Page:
- The assessment will review current investor and company due diligence methodologies and procedures for evaluating risks of illegal land acquisition (past or present), evidence of other illegalities and criminal activity; methods for respecting customary, informal and user rights to land; current land and resource conflicts; abuse of human rights and violation of the principle of free, prior and informed consent (FPIC) by affected communities (who may be located ‘outside’ the specific investment boundaries);
- The interviews and literature review will seek to establish what risk assessment validation methods are used and what ground truthing information is currently accessed; the interviews will also explore demand and supply side gaps in the validation of risk assessment and use of ground truthing and reasons why such gaps exist;
- The evaluation should thus contain a summary review of how companies and investors currently undertake due diligence to ensure that their investment and supply chains are legal (meeting applicable laws in the host country and international law) and compliant with company public commitments on land rights, human rights and forests; CSR policies and applicable industry standards, including certification principles and criteria;
- The analysis will pinpoint where the gaps are from the perspective of buyers and investors and how they think that validation and ground truthing could shift company behaviour to ensure sustainable supply chains, prevent land grabbing, uphold human rights and protect forest and other ecosystems.
Note: Questions for interviews will be discussed and agreed with FPP input. They may also include additional questions related to the linked consultancy on scoping how community-based monitoring data might influence investor/buyer behaviour in forest-risk commodity supply chains.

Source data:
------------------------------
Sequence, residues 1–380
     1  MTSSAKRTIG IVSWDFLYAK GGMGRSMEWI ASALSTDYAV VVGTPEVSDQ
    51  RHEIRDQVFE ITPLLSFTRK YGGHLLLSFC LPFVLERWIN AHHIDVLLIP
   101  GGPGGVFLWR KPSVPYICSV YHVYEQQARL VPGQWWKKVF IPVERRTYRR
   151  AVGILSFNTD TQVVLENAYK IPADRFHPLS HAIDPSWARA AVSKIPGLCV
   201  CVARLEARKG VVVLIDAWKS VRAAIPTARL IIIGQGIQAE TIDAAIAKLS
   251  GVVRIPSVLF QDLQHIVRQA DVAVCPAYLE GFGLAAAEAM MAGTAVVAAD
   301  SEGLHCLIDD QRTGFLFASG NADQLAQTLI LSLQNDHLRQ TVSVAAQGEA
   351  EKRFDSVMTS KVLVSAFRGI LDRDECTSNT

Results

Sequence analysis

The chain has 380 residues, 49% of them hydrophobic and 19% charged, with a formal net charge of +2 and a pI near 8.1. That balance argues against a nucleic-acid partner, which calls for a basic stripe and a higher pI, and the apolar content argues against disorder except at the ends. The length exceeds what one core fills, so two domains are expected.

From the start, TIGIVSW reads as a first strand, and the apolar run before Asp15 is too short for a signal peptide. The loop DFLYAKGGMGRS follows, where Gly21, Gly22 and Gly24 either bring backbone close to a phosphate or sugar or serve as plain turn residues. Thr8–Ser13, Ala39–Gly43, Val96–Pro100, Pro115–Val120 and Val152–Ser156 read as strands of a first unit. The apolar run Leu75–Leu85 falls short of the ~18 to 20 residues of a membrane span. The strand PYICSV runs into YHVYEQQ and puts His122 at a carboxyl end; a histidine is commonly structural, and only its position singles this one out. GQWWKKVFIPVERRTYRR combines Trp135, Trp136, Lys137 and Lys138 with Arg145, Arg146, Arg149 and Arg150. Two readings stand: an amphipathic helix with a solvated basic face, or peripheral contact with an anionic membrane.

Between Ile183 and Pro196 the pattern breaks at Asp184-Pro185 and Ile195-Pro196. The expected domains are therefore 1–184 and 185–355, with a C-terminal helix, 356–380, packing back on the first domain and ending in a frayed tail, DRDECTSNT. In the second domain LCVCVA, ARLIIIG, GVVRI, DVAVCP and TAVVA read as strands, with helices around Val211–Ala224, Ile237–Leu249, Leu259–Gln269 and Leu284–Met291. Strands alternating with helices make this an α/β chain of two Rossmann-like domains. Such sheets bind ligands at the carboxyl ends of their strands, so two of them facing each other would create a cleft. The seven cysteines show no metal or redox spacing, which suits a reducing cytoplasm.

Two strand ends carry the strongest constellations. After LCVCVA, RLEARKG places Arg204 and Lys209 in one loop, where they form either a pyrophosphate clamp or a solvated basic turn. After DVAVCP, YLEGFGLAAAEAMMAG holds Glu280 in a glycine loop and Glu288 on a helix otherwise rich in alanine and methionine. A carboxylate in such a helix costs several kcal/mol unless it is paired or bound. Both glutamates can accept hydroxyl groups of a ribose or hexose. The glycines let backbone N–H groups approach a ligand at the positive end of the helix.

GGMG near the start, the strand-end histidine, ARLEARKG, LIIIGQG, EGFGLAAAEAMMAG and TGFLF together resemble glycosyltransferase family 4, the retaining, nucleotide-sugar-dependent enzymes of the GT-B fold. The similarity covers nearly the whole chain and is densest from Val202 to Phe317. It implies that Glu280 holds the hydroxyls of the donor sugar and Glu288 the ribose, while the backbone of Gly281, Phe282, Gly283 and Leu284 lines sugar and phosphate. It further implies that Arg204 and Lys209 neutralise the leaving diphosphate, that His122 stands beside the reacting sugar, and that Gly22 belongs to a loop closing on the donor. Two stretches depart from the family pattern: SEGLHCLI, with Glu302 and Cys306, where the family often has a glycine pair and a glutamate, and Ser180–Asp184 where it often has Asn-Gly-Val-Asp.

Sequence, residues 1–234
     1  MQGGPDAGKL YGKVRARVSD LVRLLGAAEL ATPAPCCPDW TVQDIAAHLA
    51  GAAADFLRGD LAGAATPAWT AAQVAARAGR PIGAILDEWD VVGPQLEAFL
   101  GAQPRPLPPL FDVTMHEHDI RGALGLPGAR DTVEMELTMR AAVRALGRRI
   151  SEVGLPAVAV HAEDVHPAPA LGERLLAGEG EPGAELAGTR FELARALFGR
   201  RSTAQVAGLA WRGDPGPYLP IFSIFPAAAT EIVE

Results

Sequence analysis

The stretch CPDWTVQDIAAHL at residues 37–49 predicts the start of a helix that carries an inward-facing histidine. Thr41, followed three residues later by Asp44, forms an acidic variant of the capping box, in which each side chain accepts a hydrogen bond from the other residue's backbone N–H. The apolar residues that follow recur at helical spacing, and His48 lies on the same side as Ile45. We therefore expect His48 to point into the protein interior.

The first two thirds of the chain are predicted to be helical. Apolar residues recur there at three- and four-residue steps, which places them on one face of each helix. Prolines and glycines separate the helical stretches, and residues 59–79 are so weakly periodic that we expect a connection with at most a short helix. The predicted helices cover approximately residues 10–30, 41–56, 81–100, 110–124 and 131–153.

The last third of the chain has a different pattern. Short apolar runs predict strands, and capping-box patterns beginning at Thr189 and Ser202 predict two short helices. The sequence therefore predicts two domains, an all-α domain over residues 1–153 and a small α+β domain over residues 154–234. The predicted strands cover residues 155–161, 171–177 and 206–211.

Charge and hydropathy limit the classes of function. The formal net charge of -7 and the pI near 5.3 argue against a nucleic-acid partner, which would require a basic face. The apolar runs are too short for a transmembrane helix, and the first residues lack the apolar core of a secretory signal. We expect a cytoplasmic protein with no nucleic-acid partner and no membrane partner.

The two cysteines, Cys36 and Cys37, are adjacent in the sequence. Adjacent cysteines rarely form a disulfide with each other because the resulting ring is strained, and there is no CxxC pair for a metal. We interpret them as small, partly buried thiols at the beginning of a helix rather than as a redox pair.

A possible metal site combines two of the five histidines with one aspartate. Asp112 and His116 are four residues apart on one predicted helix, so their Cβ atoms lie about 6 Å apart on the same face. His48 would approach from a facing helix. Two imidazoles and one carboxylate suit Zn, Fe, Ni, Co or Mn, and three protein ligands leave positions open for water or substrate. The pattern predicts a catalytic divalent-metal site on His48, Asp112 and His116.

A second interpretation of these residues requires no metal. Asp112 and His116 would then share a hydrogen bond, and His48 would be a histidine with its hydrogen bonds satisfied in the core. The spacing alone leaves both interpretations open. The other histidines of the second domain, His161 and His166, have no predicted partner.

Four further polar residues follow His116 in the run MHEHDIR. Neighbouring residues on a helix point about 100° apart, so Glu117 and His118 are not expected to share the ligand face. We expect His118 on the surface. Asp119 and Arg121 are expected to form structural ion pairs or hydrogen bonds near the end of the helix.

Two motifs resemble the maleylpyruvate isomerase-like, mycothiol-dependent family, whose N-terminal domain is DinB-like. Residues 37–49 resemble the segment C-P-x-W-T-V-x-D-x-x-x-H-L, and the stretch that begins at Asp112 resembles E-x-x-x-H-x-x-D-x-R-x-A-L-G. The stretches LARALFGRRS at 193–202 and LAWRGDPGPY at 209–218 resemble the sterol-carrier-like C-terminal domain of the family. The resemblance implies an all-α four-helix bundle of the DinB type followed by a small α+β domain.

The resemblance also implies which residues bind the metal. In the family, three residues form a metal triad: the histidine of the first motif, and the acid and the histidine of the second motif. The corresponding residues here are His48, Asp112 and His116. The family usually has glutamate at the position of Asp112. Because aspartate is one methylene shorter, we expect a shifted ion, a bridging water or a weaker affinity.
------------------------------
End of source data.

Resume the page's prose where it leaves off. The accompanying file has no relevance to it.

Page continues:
The expected outputs will be:
- A short Gap Analysis paper (10-15 pages plus any Annexes) mapping the main approaches currently used by Investors and Buyers for ground truthing related to land conflict. This will also include a visualisation of who is doing what in this space. It will also include clear identification of where the main ground truthing gaps are, why they exist and how to close them.
- Presentation of findings Moreton-in-Marsh
- Presentation of findings (remote or face-to-face) with other stakeholders (tbc)
- List of contacts in each organisation contacted
Note: FPP will develop a timeline with the consultant that will include time for FPP review of 1st draft and 2nd draft of the paper
Overall project management
James Whitehead will coordinate this work with close input from Tom Griffiths
Light admin can be provided to set up meetings
The budget for this task is approximately £5,000
Local travel would be covered; admin can be provided to set up meetings
Payment will be made within 30 days of receipt of the final report by FPP.
Skills and Competence
Specific skills and competencies we seek include:
- Experience of working on global supply chains, CSR policies and corporate and investor due diligence on human rights, land tenure and environmental protection
- Knowledge of commodity certification schemes and social and environmental legal standards in producer countries
- Good people skills and ability to conduct semi-structured interviews
- Good writing skills and ability to synthesise complex information in written, graphic and tabular forms
Applicants with the experience and skills described above are invited to submit the below:
- A CV
- A one-page cover letter introducing the applicant(s) experience and how the skills and competencies described above are met, with concrete examples. Please also use this cover letter to indicate applicant’s availability;
Applications and queries should be submitted to Kate Newman (KNewman@forestpeoples.org) by COB 30 Jun with ‘Gap Analysis Ground Truthing’ in the subject line.
 Illegality is defined with respect to both national and international law, including respect for customary land rights